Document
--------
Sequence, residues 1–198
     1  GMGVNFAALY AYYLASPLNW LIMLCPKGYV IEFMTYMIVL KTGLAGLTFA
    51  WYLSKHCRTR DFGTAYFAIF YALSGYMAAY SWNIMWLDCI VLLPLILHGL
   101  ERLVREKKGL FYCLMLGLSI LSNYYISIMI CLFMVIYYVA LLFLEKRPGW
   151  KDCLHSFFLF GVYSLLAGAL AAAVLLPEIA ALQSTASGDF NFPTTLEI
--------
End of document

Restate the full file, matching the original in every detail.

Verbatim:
Sequence, residues 1–198
     1  GMGVNFAALY AYYLASPLNW LIMLCPKGYV IEFMTYMIVL KTGLAGLTFA
    51  WYLSKHCRTR DFGTAYFAIF YALSGYMAAY SWNIMWLDCI VLLPLILHGL
   101  ERLVREKKGL FYCLMLGLSI LSNYYISIMI CLFMVIYYVA LLFLEKRPGW
   151  KDCLHSFFLF GVYSLLAGAL AAAVLLPEIA ALQSTASGDF NFPTTLEI